For many Photographers, Autumn is now officially here and is one of the most exciting seasons to capture in terms of colour, change and vistas. Early morning mist, late afternoon sun, orange, red and golden hues - Autumn has a lot to offer in many countries. If you're like me, Autumn often arrives all at once and it can be tricky to know how to make the best of the season before it's over. A couple of days of high winds and rain can ruin the best Autumnal captures by ripping the leaves down before you've even got the chance to snap - so it's great to be prepared for the season.
Leading lines are particularly useful. Yet so many people quote ' Look for leading lines...' or 'You've captured the leading lines here perfectly'
and really do we even know properly what they are? The purpose of a leading line is to draw a viewers eye into the photograph and then on a journey - through it. Think of it as a visual narrative. They can be intentional and indeed unintentional in captures. Where Autumn is concerned, photographers often wish to tell a story.
Bridges are the obvious choice for grabbing a shot that leads a viewer into the image. In Forests especially, Bridges are likely to be bordered either side by Autumn trees and, if you're lucky, up ahead too. This creates a lovely view especially if you have a vanishing point in the distance. But the other location that Photographers often forget to think of - especially in the UK - is motorway bridges.
Established roads that have had years of trees and forest growing up alongside them are perfect in Autumn, especially when you can get a high vantage point and look down the length of the road. These sorts of locations are especially awesome for grabbing leading lines in a shot. You can get creative too, crouch down, reach up, turn the camera and so on.
Don't forget to look UP. Sometimes, the best shots are the ones captured when you stop looking around at eye level and point your camera skywards to capture the Autumn trees above. Even better if you capture a crisp blue sky too. This is particularly useful in dense forests and woods, where the canopy is thick and inter-twining. It's unusual, it's not often captured and it's just different.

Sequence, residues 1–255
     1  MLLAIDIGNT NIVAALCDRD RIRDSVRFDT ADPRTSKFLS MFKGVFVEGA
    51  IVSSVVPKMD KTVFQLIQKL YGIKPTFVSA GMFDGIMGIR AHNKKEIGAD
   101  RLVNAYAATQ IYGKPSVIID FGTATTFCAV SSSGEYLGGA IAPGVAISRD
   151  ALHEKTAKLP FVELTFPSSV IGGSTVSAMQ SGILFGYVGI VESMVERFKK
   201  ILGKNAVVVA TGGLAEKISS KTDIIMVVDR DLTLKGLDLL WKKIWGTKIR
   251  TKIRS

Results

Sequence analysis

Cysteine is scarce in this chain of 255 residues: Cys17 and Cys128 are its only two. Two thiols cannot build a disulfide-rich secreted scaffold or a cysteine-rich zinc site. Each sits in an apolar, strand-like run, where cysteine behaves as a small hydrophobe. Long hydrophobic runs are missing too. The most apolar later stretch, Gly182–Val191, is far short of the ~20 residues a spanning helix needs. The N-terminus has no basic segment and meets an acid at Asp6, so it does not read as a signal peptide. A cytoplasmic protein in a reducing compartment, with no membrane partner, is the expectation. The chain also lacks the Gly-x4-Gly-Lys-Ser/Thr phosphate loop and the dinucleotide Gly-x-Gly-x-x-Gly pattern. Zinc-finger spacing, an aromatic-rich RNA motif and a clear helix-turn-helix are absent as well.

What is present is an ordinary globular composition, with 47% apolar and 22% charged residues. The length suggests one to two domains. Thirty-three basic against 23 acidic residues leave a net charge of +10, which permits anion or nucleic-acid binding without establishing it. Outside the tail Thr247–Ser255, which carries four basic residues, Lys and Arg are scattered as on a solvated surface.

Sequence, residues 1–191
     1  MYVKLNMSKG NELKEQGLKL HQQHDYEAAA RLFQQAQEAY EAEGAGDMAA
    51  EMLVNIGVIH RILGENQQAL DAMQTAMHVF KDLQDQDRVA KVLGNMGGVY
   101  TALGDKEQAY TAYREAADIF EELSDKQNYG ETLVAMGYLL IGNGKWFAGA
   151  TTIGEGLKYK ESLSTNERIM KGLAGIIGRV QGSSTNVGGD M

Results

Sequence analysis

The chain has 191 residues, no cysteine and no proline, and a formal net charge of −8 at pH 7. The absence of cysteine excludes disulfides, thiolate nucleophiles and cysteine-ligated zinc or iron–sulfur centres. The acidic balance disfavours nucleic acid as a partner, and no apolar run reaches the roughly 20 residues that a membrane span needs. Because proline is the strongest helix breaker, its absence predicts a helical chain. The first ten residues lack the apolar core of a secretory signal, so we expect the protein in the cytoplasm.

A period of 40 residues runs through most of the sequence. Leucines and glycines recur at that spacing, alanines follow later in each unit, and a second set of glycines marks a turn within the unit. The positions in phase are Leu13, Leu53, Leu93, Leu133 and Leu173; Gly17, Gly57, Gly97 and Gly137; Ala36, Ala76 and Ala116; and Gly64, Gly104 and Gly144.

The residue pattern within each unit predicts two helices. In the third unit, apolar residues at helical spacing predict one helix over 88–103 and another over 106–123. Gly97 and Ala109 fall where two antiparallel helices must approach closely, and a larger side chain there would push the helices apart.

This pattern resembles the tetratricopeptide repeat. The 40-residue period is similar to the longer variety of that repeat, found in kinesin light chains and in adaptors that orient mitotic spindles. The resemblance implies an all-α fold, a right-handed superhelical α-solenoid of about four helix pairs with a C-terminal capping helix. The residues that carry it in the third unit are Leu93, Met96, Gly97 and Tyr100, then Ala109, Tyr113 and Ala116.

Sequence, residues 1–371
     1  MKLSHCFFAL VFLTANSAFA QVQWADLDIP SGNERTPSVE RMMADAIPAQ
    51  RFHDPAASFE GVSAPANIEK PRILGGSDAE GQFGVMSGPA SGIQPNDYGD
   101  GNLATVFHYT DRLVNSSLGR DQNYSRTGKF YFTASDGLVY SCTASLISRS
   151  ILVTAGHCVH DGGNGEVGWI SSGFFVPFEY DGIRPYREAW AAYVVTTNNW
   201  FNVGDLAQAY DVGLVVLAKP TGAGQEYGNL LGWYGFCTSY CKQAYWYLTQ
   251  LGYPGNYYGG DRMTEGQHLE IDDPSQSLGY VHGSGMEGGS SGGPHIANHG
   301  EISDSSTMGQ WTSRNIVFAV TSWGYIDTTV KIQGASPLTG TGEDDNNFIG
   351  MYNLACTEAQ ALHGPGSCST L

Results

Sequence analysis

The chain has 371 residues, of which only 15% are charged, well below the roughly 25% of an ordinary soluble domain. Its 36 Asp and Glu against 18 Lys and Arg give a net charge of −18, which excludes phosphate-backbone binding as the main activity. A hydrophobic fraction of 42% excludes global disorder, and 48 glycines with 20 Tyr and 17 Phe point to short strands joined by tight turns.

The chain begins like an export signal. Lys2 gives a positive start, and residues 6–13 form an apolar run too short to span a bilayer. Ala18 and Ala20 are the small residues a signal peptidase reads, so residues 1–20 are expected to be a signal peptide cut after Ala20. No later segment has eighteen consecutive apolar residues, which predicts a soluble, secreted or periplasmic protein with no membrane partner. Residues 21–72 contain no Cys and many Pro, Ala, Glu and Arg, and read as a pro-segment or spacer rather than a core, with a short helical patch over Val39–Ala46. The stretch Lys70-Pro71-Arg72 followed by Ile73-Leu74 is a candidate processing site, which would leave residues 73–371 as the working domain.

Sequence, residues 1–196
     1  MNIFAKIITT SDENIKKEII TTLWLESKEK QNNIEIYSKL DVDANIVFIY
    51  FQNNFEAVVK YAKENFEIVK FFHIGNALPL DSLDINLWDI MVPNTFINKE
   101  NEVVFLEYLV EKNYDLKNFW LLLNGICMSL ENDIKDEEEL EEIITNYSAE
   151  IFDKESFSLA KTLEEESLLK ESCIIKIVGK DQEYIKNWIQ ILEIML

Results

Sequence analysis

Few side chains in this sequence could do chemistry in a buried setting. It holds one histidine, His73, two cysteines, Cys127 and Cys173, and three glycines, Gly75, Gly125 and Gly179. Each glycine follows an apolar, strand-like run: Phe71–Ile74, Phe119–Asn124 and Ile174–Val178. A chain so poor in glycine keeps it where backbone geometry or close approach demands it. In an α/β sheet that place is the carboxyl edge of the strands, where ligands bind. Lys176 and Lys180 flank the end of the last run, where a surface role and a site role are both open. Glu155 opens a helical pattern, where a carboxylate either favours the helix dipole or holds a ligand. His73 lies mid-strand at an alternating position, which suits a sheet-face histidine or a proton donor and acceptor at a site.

The best types of lens for this kind of shot are wide angle, or fish eye if you're lucky enough to have one. Portrait/macro lens can also work well depending on what focal length and angle you've got on them. Use the tree trunks to your advantage and look for linear patterns, symmetry and abstract shapes to enhance your shot.
In complete contrast, look down too. Forest floors are the favourite for capturing leafy orange carpets and other things such as Conkers and fir cones. But what about looking at a street floor too? Or shooting on the eye level of a bench surrounded by Autumn leaves? Those sorts of views are a bit different and again offer something unique, often. Shooting at the eye level of another person is also useful, a child in particularly. Crouching works well for different vantages, similarly laying your camera on the floor is also useful - careful though!
Your long lens also shouldn't be forgotten in Autumn. Focusing in on a single leaf with a spectacular orange background works really well. Additionally capturing Autumn leaves in sunlight creates a nice bokeh affect in the background which always works well. You can also use a macro lens to get close, but zooming in from afar works well too. If it's particularly blowy, use a tripod or stabilise your body as best as you can to avoid too much blur. However...sometimes a blurry leaf can look awesome too!
Don't always rely on colour. You can up the saturation of an image after you've taken it if you wish to. But you don't have to rely on the golds, reds and oranges of Autumn to make a beautiful image. Particularly where there is mist - there is the opportunity to capture some fantastic shots in monochrome. Don't forget about black and white, and don't be disappointed if your Autumns are not as vibrant as you want them to be - you can make the best of bad weather!
There are other tools which can help you capture Autumn in the best way possible. One of these is a Graduated Neutral Density Filter. They help particularly with controlling light. If you've got too much bright sky they are really useful but they also help to balance light in other situations too. Lens hoods are great to avoid sun flare, unless you want those captured - which some people do in the right circumstances! Also don't forget your tripod - you never know what opportunities might present themselves.